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Impact Test of a Crash-Energy Management Passenger Rail Car

[+] Author Affiliations
Karina Jacobsen, David Tyrell

U.S. Department of Transportation, Cambridge, MA

Benjamin Perlman

Tufts University, Medford, MA

Paper No. RTD2004-66045, pp. 19-26; 8 pages
doi:10.1115/RTD2004-66045
From:
  • ASME/IEEE 2004 Joint Rail Conference
  • Joint Rail
  • Baltimore, Maryland, USA, April 6–8, 2004
  • Conference Sponsors: Rail Transportation Division
  • ISBN: 0-7918-4163-4
  • Copyright © 2004 by ASME

abstract

On December 3, 2003, a single-car impact test was conducted to assess the crashworthiness performance of a modified passenger rail car. A coach car retrofitted with a Crash Energy Management (CEM) end structure impacted a fixed barrier at approximately 35 mph. This speed is just beyond the capabilities of current equipment to protect the occupants. The test vehicle was instrumented with accelerometers, string potentiometers, and strain gages to measure the gross motions of the car body in three dimensions, the deformation of specific structural components, and the force/crush characteristic of the impacted end of the vehicle. The CEM crush zone is characterized by three structural components: a pushback coupler, a sliding sill (triggering the primary energy absorbers), and roof absorbers. These structural mechanisms guide the impact load and consequent crush through the end structure in a prescribed sequence. Pre-test activities included quasi-static and dynamic component testing, development of finite element and collision dynamics models and quasi-static strength tests of the end frame. These tests helped verify the predicted structural deformation of each component, estimate a force-crush curve for the crush zone, predict the gross motions of the car body, and determine instrumentation and test conditions for the impact test. During the test, the passenger car sustained approximately three feet of crush. In contrast to the test of the conventional passenger equipment, the crush imparted on the CEM vehicle did not intrude into the passenger compartment. However, as anticipated the car experienced higher accelerations than the conventional passenger car. Overall, the test results for the gross motions of the car are in close agreement. The measurements made from both tests show that the CEM design has improved crashworthiness performance over the conventional design. A two-car test will be performed to study the coupled interaction of CEM vehicles as well as the occupant environment. The train-to-train test results are expected to show that the crush is passed sequentially down the interfaces of the cars, consequently preserving occupant volume.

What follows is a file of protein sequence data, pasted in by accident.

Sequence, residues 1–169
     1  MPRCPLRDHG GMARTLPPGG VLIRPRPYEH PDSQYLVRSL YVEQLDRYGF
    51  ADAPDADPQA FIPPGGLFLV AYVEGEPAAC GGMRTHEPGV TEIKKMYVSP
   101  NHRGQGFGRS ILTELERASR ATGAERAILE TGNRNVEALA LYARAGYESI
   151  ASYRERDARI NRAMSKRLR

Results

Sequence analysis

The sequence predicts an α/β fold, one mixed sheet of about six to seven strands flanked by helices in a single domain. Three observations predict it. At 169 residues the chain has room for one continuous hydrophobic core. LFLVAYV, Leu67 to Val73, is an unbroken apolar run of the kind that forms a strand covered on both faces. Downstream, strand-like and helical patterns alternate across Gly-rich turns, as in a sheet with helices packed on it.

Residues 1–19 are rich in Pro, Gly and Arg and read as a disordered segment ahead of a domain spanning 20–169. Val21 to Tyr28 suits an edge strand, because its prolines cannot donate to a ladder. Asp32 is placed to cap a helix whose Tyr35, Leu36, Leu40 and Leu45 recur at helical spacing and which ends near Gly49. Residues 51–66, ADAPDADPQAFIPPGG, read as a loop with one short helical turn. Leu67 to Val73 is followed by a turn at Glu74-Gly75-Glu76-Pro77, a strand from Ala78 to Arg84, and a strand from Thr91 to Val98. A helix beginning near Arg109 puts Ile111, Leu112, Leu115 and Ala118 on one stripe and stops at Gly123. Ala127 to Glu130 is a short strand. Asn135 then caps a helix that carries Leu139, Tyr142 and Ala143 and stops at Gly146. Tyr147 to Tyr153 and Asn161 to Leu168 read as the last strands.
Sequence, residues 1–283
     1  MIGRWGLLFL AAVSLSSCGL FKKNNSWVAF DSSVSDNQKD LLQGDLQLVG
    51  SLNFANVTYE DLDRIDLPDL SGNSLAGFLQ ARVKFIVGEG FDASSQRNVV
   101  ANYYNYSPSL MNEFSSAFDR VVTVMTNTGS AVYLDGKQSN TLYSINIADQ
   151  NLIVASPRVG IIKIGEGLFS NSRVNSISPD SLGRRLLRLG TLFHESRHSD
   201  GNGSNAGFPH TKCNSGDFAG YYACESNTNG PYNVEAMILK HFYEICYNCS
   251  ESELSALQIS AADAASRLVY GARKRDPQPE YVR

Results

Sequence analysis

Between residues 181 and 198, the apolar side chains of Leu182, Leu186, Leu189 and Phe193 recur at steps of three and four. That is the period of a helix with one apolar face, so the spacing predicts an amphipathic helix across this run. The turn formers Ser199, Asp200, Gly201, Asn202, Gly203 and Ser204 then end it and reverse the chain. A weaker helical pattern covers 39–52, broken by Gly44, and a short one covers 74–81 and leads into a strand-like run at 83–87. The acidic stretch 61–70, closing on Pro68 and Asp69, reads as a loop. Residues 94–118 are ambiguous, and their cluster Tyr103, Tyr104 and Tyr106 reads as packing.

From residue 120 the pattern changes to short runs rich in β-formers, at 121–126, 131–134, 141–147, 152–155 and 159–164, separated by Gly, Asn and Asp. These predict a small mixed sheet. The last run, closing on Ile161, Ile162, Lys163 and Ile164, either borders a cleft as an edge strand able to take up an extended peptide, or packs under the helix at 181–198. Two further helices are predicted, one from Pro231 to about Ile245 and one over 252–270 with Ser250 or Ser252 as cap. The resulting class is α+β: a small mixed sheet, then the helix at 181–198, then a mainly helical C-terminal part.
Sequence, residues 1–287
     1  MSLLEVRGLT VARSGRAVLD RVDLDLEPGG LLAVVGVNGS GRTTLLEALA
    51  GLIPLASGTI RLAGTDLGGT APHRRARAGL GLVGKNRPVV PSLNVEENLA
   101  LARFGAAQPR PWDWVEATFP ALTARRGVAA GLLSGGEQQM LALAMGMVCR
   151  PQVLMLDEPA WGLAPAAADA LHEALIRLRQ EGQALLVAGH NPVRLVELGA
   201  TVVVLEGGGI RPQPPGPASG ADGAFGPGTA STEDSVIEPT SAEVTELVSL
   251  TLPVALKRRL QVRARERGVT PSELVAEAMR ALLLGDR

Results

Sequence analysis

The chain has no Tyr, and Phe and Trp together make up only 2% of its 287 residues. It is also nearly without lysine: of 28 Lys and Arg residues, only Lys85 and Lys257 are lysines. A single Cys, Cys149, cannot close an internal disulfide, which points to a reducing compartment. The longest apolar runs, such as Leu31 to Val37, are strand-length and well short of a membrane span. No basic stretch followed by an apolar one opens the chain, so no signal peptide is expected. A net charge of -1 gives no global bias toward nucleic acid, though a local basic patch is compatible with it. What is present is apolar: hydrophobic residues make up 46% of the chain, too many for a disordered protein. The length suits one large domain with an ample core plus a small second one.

Copyright © 2004 by ASME
Topics: Impact testing , Rails

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